Such plans alarmed Congress so much that it barred implementing the program until it passed 10 tests to ensure privacy and accuracy. The Government Accountability Office, Congress' auditing arm, found the previous version failed almost all of them.
Currently, only a passenger's full name is required when reservations are made although date of birth and gender usually become known to transportation security officers later in the boarding process.
Transportation Security Administrator Kip Hawley said volunteering those two items earlier would reduce misidentifications in watch-list matching.
"With the full name, we can resolve 95 percent of the cases correctly. The date of birth adds 3.5 percent to that, and the gender adds another one percent," Hawley said.
Privacy advocates like Dempsey and Bruce Schneier, chief technology officer at the security company BT Counterpane, also were pleased with limits on how long most records will be kept. A check that produces no match — which will be the case for the vast majority of travelers — would be kept only seven days. A false positive match would be kept seven years. Confirmed matches would be kept 99 years.
"On the surface, it looks pretty good," Schneier said. "I'm cautiously optimistic. It's nice to see some common sense."
Tuesday, July 24, 2007
Daniel Solove, at the University of George Washtington School of Law, has written an interesting article on the "But I've got nothing to hide." Here's a link to the download site and the introduction:
SSRN-'I've Got Nothing to Hide' and Other Misunderstandings of Privacy by Daniel Solove
Since the September 11 attacks, the government has been engaging in extensive surveillance and data mining. Regarding surveillance, in December 2005, the New York Times revealed that after September 11, the Bush Administration secretly authorized the National Security Administration (NSA) to engage in warrantless wiretapping of American citizens’ telephone calls.2 As for data mining, which involves analyzing personal data for patterns of suspicious behavior, the government has begun numerous programs. In 2002, the media revealed that the Department of Defense was constructing a data mining project, called “Total Information Awareness” (TIA), under the leadership of Admiral John Poindexter. The vision for TIA was to gather a variety of information about people, including financial, educational, health, and other data. The information would then be analyzed for suspicious behavior patterns. According to Poindexter: “The only way to detect . . . terrorists is to look for patterns of activity that are based on observations from past terrorist attacks as well as estimates about how terrorists will adapt to our measures to avoid detection.”3 When the program came to light, a public outcry erupted, and the U.S. Senate subsequently voted to deny the program funding, ultimately leading to its demise. Nevertheless, many components of TIA continue on in various government agencies, though in a less systematic and more clandestine fashion.4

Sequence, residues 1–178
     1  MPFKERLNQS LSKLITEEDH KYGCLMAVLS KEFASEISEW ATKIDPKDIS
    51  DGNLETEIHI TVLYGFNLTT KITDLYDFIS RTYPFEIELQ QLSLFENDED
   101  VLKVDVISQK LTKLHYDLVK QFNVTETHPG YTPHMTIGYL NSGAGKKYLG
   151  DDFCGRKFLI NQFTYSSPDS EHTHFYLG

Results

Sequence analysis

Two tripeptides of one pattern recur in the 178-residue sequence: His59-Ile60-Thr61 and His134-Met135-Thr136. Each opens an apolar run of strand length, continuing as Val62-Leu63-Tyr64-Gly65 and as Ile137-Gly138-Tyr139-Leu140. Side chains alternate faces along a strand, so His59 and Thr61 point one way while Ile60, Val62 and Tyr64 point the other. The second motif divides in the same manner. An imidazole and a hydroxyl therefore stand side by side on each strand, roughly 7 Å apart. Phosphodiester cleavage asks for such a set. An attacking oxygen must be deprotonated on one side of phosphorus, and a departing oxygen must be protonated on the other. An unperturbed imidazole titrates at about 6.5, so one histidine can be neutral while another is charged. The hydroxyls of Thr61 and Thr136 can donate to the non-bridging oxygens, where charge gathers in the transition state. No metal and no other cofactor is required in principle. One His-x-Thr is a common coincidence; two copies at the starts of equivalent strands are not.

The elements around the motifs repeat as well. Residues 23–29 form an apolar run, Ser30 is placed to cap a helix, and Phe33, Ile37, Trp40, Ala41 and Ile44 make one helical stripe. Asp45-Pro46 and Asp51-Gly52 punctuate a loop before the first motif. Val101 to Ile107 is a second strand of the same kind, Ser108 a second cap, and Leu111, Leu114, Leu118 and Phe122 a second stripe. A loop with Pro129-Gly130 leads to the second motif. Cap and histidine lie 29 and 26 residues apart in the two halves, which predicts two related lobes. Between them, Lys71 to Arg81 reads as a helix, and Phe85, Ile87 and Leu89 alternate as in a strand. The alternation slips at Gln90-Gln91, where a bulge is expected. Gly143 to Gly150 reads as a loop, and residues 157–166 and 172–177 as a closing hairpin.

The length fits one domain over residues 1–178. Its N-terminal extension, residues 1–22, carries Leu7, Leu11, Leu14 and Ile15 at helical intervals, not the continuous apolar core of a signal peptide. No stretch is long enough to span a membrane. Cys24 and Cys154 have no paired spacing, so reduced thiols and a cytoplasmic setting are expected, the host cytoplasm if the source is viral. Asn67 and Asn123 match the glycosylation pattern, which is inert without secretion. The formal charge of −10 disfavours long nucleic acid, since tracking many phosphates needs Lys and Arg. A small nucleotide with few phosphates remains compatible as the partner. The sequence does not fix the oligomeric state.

In May 2006, USA Today broke the story that the NSA had obtained customer records from several major phone companies and was analyzing them to identify potential terrorists.5 The telephone call database is reported to be the “largest database ever assembled in the world.”6 In June 2006, the New York Times reported that the U.S. government had been accessing bank records from the Society for Worldwide Interbank Financial Transactions (SWIFT), which handles financial transactions for thousands of banks around the world.7 Many people responded with outrage at these announcements, but many others did not perceive much of a problem. The reason for their lack of concern, they explained, was because: “I’ve got nothing to hide.”
The argument that no privacy problem exists if a person has nothing to hide is frequently made in connection with many privacy issues. When the government engages in surveillance, many people believe that there is no threat to privacy unless the government uncovers unlawful activity, in which case a person has no legitimate justification to claim that it remain private.